Sito Construction Pte Ltd (trading as Afone International) v PBT Engineering Pte Ltd

JudgeTan Siong Thye J
Judgment Date14 January 2019
Neutral Citation[2019] SGHC 7
CourtHigh Court (Singapore)
Docket NumberOriginating Summons No 1069 of 2018 (Summons No 4328 of 2018)
Published date19 June 2019
Hearing Date01 November 2018,12 November 2018
Plaintiff CounselKoh Yheoh Zhou Napolean Rafflesson and Chong Yi Mei (Patrick Ong Law LLC)
Defendant CounselWong Tze Roy (Goh JP & Wong LLC)
Subject MatterBuilding and Construction Law,Dispute resolution,Jurisdictional objection,Waiver,Patent errors
Citation[2019] SGHC 7
Tan Siong Thye J: Introduction

The respondent, PBT Engineering Pte Ltd, was a subcontractor for the building and construction project known as the “Proposed Development of Ancillary Building for Changi East to effect 3-Runway Operations at Singapore Changi Airport – Package One – Supply and Installation of RC Building Works and Drainage Works” (“the Project”).1 On 1 April 2016, the respondent entered into a contract with a sole proprietorship, Afone International, to work on the Project (“the Contract”). At that time, Mr Loke Swee Wan (“Mr Loke”) was the sole proprietor of Afone International. About a month after the Contract, in May 2016, Mr Loke sold the business of Afone International to the applicant, Sito Construction Pte Ltd.2 The applicant retained all the employees of Afone International. Mr Loke became an employee of Afone International after the sale of the business until August 2018.3 The applicant lodged a change of ownership of Afone International with the Accounting and Corporate Regulatory Authority (“ACRA”) only on 16 July 2018 and back-dated it to 1 July 2016, ie, more than two years after the change of ownership.4 It is undisputed that no notice was given to the respondent regarding this change of ownership and neither was there any novation of the Contract.

Under the new sole proprietor, Afone International continued to carry out its obligations under the Contract with the respondent. From July 2016 till August 2017, the applicant had done works under the Contract for the respondent and in turn, the respondent had paid the applicant $4,811,246.13. 5

Afone International issued Payment Claim No. 25 (“Payment Claim”) on 14 June 2018 and served it on the respondent. This Payment Claim was for the sum of $2,047,712.04 and it was for work done by Afone International pursuant to the Contract up till the date of the Payment Claim.6 The respondent did not serve any payment response in respect of the Payment Claim.7

On 17 July 2018, the applicant served on the respondent a Notice of Intention to Apply for Adjudication. On 18 July 2018 an adjudication application (“AA”) pursuant to s 13 of the Building and Construction Industry Security of Payment Act (Cap 30B, 2006 Rev Ed) (“SOPA”) was lodged by the applicant.8

On 19 July 2018, the respondent did a business profile search of Afone International and learnt of the change in ownership of Afone International. 9 The respondent lodged its adjudication response on 26 July 2018. The applicant and respondent tendered further submissions on 31 July 2018 and 1 August 2018 respectively. An adjudication conference was held on 2 August 2018 and both parties made oral submissions. It is important to note that the respondent was legally represented at all times during the adjudication process. Throughout the adjudication process, the respondent did not dispute that the Contract was not binding between Afone International and the respondent.10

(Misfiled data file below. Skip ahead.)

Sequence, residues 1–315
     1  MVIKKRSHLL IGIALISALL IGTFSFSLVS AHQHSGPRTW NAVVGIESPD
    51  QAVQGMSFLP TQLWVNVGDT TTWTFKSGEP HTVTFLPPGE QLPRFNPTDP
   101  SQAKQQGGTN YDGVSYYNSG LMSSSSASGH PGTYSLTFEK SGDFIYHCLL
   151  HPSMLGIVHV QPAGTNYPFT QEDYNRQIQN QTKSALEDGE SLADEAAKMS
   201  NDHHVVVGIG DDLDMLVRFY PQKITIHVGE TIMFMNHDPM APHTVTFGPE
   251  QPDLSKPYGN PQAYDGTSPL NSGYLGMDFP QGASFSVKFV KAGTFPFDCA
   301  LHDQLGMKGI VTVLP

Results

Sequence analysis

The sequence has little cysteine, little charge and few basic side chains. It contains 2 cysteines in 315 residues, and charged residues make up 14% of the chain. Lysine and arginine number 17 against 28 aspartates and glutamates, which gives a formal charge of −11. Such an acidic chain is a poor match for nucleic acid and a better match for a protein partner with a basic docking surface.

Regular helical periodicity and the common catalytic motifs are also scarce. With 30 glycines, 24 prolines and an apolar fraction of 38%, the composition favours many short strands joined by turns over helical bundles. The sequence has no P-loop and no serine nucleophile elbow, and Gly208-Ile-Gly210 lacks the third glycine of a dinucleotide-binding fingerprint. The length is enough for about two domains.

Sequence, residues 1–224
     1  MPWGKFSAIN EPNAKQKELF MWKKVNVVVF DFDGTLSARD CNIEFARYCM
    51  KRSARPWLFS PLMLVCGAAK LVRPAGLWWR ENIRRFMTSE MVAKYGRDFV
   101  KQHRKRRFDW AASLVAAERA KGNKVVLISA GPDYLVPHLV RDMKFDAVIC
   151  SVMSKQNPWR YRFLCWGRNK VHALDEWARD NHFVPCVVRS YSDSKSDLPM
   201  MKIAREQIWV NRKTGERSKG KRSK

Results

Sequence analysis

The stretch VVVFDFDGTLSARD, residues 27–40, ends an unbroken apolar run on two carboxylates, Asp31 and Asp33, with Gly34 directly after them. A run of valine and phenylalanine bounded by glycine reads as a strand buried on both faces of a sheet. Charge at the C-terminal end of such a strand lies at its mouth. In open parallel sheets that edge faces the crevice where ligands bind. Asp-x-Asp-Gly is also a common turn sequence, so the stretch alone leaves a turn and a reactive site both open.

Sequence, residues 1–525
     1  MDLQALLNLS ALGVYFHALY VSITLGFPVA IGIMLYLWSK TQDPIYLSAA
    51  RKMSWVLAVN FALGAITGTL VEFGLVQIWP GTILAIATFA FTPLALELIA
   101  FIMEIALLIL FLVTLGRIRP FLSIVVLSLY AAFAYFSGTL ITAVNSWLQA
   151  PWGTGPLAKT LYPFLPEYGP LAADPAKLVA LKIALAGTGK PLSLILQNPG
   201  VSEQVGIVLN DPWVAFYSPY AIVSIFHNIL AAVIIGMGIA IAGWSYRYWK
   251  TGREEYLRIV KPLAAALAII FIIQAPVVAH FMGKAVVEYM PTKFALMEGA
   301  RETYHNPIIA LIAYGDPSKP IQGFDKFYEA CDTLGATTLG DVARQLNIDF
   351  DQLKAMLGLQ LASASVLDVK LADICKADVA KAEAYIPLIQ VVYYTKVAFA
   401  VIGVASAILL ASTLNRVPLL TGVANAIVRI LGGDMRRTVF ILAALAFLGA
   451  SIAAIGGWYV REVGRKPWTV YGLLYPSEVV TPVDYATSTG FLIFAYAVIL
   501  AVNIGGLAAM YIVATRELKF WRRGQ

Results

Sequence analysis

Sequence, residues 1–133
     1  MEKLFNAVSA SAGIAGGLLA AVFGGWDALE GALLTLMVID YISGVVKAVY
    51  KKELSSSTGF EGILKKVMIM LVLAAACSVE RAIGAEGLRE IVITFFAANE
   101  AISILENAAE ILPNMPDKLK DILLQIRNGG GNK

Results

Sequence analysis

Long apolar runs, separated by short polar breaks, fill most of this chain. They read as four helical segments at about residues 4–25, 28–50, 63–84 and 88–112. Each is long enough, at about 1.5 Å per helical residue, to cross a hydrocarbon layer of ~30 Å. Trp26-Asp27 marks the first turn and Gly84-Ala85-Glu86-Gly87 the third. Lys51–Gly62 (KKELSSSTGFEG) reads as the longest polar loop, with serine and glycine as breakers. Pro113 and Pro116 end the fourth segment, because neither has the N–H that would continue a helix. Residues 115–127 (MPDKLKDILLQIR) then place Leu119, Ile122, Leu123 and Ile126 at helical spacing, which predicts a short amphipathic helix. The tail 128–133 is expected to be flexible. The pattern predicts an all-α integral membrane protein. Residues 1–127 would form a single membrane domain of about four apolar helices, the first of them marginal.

On 15 August 2018, the adjudicator issued his determinations (“the AD”) and held that the respondent was liable as follows: That the respondent pays to the applicant the adjudicated amount of $1,752,684.22 (inclusive of GST) (“the Adjudicated Amount”); That the due date of the payment for the Adjudicated Amount is 12 August 2018; That the respondent pays interest at the rate of 5.33% per annum on the Adjudicated Amount or any part thereof which remains unpaid. The interest is to run from 12 August 2018 up to the date of full payment; That the respondent is to pay the Adjudicated Amount and the interest thereon to the applicant within 7 days from the service of the AD; and That the respondent bears 70% of the Adjudication Application fee of $642 (inclusive of GST) and the adjudicator fee of $30,694.02 (inclusive of GST) (“Adjudication Costs”). The applicant bears the balance of 30%.11

However, payment was not forthcoming from the respondent. Thus, the applicant’s solicitors wrote a letter dated 17 August 2018 to the respondent’s solicitors to demand payment of the Adjudicated Amount, the interest thereon as well as the respondent’s share of the Adjudication Costs. As at 28 August 2018, there was no reply from the respondent’s solicitors.12

Consequently, the applicant filed an ex parte originating summons HC/OS 1069/2018 (“the OS”) to enforce the AD under s 27 of SOPA. Its application was granted. On 4 September 2018, HRC/ORC 5818/2018 was extracted (“the Court Order”). On 19 September 2018 the respondent in turn filed summons HC/SUM 4328/2018 to, inter alia, set aside both the Court Order and the AD (“the setting aside application”).